Humanitarianism on trial in SudanBMJ 2009; 338 doi: https://doi.org/10.1136/bmj.b1395 (Published 14 April 2009) Cite this as: BMJ 2009;338:b1395
- Peter Moszynski, journalist
- 1Nairobi, Juba, and London
The expulsion of 13 international aid groups and dissolution of Sudan’s three largest indigenous organisations at the beginning of March, in retaliation for the international criminal court’s (ICC) indictment of President Omar al Bashir for crimes against humanity, has devastated the world’s largest humanitarian operation. It also raises the question why some of the world’s most respected relief agencies are accused of being agents of neo-colonialism, and poses a dilemma for medical workers attempting to help non-combatants in the middle of civil conflict: should they speak out when they witness the effects of mass rape and ethnic cleansing or should they remain silent in the name of humanitarian neutrality and impartiality?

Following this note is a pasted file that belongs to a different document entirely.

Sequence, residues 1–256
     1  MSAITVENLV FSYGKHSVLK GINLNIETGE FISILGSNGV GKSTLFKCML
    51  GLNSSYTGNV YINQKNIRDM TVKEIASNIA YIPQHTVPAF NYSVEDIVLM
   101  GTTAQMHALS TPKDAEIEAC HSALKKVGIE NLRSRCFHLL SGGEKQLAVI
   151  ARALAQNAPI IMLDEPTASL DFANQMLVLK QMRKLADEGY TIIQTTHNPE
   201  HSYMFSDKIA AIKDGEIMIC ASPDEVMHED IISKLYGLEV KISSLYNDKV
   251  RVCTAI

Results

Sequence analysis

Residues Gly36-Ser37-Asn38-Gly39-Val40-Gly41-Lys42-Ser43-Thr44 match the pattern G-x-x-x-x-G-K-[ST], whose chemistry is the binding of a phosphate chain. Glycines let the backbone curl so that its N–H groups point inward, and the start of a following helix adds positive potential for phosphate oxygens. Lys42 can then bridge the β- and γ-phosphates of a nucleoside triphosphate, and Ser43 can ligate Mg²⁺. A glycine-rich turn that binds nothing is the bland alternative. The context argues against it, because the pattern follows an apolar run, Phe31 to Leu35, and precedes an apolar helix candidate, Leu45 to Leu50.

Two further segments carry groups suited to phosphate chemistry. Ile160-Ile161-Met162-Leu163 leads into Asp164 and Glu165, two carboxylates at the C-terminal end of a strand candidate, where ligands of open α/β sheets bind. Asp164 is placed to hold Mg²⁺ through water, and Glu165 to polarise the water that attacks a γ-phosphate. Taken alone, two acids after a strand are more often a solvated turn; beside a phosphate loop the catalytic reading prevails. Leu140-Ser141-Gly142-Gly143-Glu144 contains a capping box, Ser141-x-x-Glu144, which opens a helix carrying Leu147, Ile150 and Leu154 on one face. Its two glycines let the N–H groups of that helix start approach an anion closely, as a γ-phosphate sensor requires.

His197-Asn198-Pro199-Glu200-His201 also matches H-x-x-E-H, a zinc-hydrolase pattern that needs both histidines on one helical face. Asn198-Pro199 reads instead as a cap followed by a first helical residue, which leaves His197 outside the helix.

Although the international arrest warrant against President al Bashir is the first against a sitting head of state, the indictment had long been expected. The court had been mandated to investigate allegations of crimes in Darfur by the UN security council five years ago, following an international inquiry that found evidence of war crimes and crimes against humanity and recommended the case should be referred to the international court.
The expelled charities—whose entire assets were seized by the state—were responsible for over half of Darfur’s aid programme, and their departure could leave millions of refugees without assistance. As the UN and the remaining relief groups (both international and newly established Sudanese organisations) rush to fill the void before the forthcoming rainy season makes access all but impossible, there are growing concerns about the effects.
Oxfam representative Alun McDonald said: “In Darfur there are already clear signs of impact. In some camps, there is a real danger that mechanised water pumps will stop working due to lack of …